Tag: Forestry Natural Resouce management Effectiveness Technology Data and Statistics

11.

VI. Effectiveness and Results: Progress Toward the Objective and Outcomes 

A. Component/ Outcome 1: Enabling environment for the marzes in Northeastern Armenia to plan, monitor and adapt sustainable forest and land management .(Continuation)

Output 1.3: Revised forest management plans integrate considerations of biodiversity, ecosystem services, climate mitigation, and community resource use. This work is being done as part of the overall work to complete and implement the forest management plans; see information under Output 1.1 above. Progress on this output is in-line with the overall progress on development of the forest management plans; work has been carried out for 4 of the planned 11 forest enterprises.

Output 1.4: System for effective monitoring and enforcement of forest management plans, including clear delineation of roles and responsibilities of key partners and management of participatory processes in forest development Activities related to this output have mostly been postponed as of the MTR, due to the institutional restructuring in the forestry sector.

Output 1.5: Recommendations for national policy and regulations for facilitating adoption of sustainable forest management practices Under this output, according to the Prodoc, the project planned to produce “recommendations will be provided for considering adoption of approaches” that:- Stipulates the process for identification and setting aside of High Conservation Value Forests (HCVF) in Forest Management Planning; - Develop structures and methodologies for integrating community participatory forestry or sustainable NTFP and agro-forestry systems into the Forest Management Planning; - Define options for assessment of economic services value of ecosystem functions and climate amelioration; - Impact resolutions of Hayantar will be sought to adopt methodologies and criteria for assessing forests and grazing land condition for the purposes of subsequent forest and land use decision making; - Recommendations will be developed for securing additional finances for SFM/SLM investments and aligning the existing financial contributions in the forestry and rangeland sectors to support SFM/SLM practices; - Guidance and resource distribution criteria for allocations – to improve the efficacy of SFM/SLM investments (reduce overlap and redundancy) will be designed; - Regulations for special management in ecological sensitive areas will be put in place, protocols for identification and demarcation of corridors for wildlife movement; - Regulations on identification of ecosystem goods and services that will be mandatory to be addressed in the land use planning.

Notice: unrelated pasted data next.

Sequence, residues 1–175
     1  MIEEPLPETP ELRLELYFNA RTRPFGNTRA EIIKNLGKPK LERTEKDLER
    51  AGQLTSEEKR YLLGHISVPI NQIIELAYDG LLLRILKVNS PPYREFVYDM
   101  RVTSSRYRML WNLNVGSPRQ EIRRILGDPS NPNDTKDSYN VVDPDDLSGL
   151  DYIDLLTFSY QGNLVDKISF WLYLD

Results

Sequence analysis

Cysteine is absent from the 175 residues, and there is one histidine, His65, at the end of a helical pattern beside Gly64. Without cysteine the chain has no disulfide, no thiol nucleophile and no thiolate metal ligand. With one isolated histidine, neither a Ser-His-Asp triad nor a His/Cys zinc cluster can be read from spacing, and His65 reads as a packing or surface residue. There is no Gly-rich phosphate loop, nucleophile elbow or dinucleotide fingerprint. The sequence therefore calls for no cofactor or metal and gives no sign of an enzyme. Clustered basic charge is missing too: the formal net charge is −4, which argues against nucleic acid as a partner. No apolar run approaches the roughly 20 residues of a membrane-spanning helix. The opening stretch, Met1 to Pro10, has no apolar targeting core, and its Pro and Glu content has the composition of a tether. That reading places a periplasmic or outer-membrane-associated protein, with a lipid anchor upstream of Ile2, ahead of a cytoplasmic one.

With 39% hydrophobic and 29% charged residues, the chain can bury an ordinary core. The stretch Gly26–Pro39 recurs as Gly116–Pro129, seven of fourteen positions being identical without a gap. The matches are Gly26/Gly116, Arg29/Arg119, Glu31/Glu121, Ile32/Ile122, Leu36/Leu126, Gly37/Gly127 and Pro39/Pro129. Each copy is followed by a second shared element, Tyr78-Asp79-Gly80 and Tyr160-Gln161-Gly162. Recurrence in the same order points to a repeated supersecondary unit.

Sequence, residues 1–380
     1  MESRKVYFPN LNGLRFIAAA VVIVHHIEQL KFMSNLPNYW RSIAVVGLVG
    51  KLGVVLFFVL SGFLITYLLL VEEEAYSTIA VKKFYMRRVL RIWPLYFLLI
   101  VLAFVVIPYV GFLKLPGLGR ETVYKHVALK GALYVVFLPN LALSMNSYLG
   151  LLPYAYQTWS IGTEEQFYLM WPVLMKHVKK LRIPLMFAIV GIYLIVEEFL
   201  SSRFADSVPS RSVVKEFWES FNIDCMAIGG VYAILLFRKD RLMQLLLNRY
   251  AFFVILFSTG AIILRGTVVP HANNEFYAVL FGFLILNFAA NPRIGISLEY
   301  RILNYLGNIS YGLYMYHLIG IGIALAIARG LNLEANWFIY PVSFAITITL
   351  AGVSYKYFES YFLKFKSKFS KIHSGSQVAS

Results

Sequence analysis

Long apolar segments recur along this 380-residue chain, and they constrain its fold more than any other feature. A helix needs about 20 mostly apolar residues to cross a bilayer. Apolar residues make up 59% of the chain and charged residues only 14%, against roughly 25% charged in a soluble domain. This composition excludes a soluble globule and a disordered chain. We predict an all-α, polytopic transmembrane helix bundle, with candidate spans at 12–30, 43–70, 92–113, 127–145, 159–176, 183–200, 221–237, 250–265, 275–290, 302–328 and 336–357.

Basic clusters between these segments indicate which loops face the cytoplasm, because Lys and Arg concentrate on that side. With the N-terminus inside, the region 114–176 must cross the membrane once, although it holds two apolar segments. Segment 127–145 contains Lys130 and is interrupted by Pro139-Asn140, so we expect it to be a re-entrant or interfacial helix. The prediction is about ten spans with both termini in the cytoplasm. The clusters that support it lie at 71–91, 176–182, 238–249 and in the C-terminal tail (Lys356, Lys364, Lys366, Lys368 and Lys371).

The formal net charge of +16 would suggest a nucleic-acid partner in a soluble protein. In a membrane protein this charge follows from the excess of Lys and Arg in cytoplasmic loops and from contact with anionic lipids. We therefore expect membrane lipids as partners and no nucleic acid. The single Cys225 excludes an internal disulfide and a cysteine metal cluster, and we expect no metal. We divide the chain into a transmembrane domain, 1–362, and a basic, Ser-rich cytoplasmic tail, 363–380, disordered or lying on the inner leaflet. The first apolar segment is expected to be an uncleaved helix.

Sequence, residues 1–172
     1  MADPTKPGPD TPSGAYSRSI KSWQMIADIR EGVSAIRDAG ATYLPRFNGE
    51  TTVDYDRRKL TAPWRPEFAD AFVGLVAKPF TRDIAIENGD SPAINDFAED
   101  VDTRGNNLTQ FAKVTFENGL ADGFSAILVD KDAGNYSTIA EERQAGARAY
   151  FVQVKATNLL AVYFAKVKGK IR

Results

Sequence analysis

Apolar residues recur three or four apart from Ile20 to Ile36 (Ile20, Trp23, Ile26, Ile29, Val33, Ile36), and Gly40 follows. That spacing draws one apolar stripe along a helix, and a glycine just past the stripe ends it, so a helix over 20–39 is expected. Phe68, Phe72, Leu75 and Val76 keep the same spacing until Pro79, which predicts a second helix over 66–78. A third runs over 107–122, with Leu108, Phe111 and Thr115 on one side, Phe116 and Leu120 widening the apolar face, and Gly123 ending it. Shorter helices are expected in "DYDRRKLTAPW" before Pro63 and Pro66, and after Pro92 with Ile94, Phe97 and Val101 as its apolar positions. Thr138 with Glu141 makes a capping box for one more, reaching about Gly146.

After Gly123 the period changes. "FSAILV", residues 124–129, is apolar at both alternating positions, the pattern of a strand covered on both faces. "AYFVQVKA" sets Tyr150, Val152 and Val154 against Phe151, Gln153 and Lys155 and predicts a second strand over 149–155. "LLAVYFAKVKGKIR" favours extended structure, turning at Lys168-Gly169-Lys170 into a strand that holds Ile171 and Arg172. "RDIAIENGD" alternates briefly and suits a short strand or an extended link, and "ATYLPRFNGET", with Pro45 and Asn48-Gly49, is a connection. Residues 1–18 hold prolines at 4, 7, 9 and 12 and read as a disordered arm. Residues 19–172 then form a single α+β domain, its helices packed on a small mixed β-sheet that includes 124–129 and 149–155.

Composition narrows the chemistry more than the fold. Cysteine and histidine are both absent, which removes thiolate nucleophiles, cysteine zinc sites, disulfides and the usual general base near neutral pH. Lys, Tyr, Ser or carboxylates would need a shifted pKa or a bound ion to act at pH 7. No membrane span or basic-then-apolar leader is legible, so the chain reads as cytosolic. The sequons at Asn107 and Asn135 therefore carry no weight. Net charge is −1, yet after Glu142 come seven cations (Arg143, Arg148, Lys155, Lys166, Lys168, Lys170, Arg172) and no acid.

Tag: Forestry Biodiversity Environmental impact assessment Natural Resouce management Effectiveness Monitoring and Evaluation Policies & Procedures

12.

VI. Effectiveness and Results: Progress Toward the Objective and Outcomes 

A. Component/ Outcome 1: Enabling environment for the marzes in Northeastern Armenia to plan, monitor and adapt sustainable forest and land management (Continuation)

Output 1.6: Enhanced capacity for sustainable land and forest management within key agencies and communities The project aimed to carry out a range of training activities at different levels, relating to implementation of SLM and SFM. As of mid-2018, the project had completed the following work, according to the PIR (and validated by the MTR): - 35 persons in total (out of a total project target of 60) from the beginning of project (5 persons at the end of 2017 and in 15 persons in 2018) in Ijevan, Noyemberyan, Artsvaberd, Gugarq and Yeghegnut Forest Enterprises were trained in the use of ecosystem-based planning tools. The trainings were performed by the forest inventory and mapping team staff. The target groups of trainings included forest rangers and district heads, head of branches, chief foresters, as well as members of consolidated local self-governments. Almost all participants were men, as women traditionally were and are not part of forest management in Armenia. These field trainings were beneficial both to the inventory team (e.g. to correct methodological approaches for the assessment of NTFP amount and cost) and the local staff to learn about concentrated locations of NTFP, the methods of sustainable harvest and opportunities for further processing (e.g. agricultural crops processing units in Voskepar, Koghb, Berdavan and other sites). - 50 pasture stakeholders in total (out of a total project target of 100) from the beginning of project (of which 15 were women; in 2018 - 30 pasture stakeholders of which 10 were women) have undergone technical and skills training and development in sustainable pasture management in Ijevan, Noyemberyan, Gugarq an Yeghegnut Forest Enterprises. Additional community training on sustainable pasture management will be done by the pasture expert contracted by the project in mid-2018, with trainings to be held in late 2018 and early 2019. - 190 (of which 70 were women; 60 persons in 2018, of which 60 were women) forest dependents trained in technical skills for sustainable forest resource use in Ijevan, Noyemberyan, Gugarq and Yeghegnut FEs. Forest enterprise staff and local community members were informed and trained in sustainable use of different type of forest ecosystems meaning and use: including water regulation, soil protection, climate regulation in-direct ecosystem values; NTFP sustainable use for current and future generations; opportunities for eco-tourism development and alternatives to fuel wood consumption.